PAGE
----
Context: Acoustic waves are one of the primary suspects besides magnetic fields for the chromospheric heating process to temperatures above radiative equilibrium (RE).
Aims: We derived the mechanical wave energy as seen in line-core velocities on disc centre to obtain a measure of mechanical energy flux with height for a comparison with the energy requirements in a semi-empirical atmosphere model, the Harvard-Smithsonian reference atmosphere (HSRA).
Methods: We analyzed a 1-hour time series and a large-area map of Ca II H spectra on the traces of propagating waves. We analyzed the velocity statistics of several spectral lines in the wing of Ca II H, and the line-core velocity of Ca II H. We converted the velocity amplitudes into volume (∝ ρ v^2) and mass energy densities (∝ v^2). For comparison, we used the increase of internal energy (∝ R ρ ∆ T) necessary to lift a RE atmosphere to the HSRA temperature stratification.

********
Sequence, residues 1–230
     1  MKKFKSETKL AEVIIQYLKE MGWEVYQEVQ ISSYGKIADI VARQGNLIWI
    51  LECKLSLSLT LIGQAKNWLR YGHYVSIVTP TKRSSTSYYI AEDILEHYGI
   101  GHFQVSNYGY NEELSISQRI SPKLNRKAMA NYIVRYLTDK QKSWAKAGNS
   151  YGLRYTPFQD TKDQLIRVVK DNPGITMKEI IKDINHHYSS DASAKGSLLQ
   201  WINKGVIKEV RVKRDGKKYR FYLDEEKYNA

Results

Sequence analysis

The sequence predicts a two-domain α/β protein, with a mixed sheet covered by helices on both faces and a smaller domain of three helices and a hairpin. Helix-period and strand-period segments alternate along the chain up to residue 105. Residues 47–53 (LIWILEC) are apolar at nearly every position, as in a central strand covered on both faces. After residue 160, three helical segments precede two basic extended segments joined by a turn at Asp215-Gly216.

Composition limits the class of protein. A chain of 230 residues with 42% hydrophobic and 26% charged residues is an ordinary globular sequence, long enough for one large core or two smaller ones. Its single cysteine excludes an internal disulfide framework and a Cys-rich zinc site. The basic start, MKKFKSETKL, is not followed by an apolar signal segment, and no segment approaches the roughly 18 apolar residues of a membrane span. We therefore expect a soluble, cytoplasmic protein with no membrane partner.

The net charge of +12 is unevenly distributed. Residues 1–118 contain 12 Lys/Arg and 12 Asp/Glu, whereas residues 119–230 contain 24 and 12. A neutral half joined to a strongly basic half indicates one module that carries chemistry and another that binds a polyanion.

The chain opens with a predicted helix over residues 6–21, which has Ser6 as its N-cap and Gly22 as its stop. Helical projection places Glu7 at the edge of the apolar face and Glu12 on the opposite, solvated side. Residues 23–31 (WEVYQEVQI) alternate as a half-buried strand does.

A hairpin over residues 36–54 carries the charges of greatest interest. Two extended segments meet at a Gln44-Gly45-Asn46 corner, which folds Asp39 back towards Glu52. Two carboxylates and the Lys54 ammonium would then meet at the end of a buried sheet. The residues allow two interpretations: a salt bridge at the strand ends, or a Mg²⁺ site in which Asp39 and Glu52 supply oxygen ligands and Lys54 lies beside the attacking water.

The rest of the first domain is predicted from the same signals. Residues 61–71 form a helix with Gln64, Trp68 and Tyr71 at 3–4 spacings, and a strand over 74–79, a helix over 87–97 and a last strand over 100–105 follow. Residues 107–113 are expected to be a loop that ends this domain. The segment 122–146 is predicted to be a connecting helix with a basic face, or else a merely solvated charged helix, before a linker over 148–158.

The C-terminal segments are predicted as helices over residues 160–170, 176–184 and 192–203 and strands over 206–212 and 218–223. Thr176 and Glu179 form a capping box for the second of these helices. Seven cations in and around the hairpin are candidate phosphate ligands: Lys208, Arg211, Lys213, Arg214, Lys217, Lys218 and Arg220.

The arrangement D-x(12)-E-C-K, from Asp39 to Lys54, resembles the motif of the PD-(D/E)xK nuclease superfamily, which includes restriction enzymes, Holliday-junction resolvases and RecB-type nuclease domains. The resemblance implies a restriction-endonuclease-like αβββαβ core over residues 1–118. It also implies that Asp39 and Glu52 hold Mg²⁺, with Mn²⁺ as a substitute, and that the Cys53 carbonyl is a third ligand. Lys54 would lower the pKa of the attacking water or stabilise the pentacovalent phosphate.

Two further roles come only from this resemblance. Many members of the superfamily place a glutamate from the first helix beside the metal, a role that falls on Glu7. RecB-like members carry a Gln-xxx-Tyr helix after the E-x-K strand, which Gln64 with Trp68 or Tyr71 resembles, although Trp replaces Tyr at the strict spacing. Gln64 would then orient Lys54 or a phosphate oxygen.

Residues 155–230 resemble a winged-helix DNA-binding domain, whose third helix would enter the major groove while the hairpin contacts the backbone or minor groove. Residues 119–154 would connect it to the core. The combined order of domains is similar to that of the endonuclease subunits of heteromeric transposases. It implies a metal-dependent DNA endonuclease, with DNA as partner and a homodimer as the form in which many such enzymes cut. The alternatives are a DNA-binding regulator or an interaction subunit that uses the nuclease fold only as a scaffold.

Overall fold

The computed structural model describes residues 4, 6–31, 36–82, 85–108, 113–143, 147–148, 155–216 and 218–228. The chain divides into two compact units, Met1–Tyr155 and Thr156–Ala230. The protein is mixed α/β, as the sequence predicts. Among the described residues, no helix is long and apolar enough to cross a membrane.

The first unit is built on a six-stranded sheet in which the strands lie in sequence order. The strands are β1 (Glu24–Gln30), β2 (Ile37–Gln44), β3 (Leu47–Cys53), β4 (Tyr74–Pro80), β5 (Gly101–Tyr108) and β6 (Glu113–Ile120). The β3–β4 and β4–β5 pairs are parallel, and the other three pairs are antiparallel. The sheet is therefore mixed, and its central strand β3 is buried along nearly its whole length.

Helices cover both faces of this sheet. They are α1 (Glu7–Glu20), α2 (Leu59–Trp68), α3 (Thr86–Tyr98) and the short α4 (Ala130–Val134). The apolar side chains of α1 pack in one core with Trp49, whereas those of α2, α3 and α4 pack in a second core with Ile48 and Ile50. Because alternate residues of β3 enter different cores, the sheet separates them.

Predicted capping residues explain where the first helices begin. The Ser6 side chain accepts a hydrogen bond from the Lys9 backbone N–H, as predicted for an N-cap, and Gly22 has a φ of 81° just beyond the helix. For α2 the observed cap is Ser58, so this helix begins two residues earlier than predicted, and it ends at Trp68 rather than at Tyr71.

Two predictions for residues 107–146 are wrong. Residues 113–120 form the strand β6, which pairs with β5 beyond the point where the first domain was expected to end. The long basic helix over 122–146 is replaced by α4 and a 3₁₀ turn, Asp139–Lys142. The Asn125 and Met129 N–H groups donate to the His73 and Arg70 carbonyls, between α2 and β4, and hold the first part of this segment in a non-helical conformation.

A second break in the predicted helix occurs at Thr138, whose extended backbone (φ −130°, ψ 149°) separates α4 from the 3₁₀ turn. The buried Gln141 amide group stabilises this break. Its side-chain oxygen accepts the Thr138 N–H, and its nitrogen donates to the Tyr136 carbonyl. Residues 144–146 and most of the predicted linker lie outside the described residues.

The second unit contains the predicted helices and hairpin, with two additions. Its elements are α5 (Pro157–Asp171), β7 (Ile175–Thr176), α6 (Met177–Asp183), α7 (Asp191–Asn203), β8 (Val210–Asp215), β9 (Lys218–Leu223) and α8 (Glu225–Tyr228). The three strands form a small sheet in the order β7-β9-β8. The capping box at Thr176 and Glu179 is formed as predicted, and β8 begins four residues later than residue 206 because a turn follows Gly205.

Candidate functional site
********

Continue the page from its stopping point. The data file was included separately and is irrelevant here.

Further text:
Results: We find that the velocity amplitude grows in agreement with linear wave theory and thus slower with height than predicted from energy conservation. The mechanical energy of the waves above around z ~ 500 km is insufficient to maintain on a long-term average the chromospheric temperature rise in the semi-empirical HSRA model. The intensity variations of the Ca line core (z ~ 1000 km) can, however, be traced back to the velocity variations of the lowermost forming spectral line considered (z ~ 250 km).
Conclusions: The chromospheric intensity, and hence, (radiation) temperature variations are seen to be induced by passing waves originating in the photosphere. The wave energy is found to be insufficient to maintain the temperature stratification of the semi-empirical HSRA model above 500 km. We will in a following paper of this series investigate the energy contained in the intensity variations to see if the semi-empirical model is appropriate for the spectra.
Astronomy and Astrophysics
- Pub Date:
- November 2009
- Sun: chromosphere;
- Sun: oscillations;
- Astrophysics - Solar and Stellar Astrophysics
- 13 pages, 15 figures + 2 pages Appendix, 5 figures, submitted to A &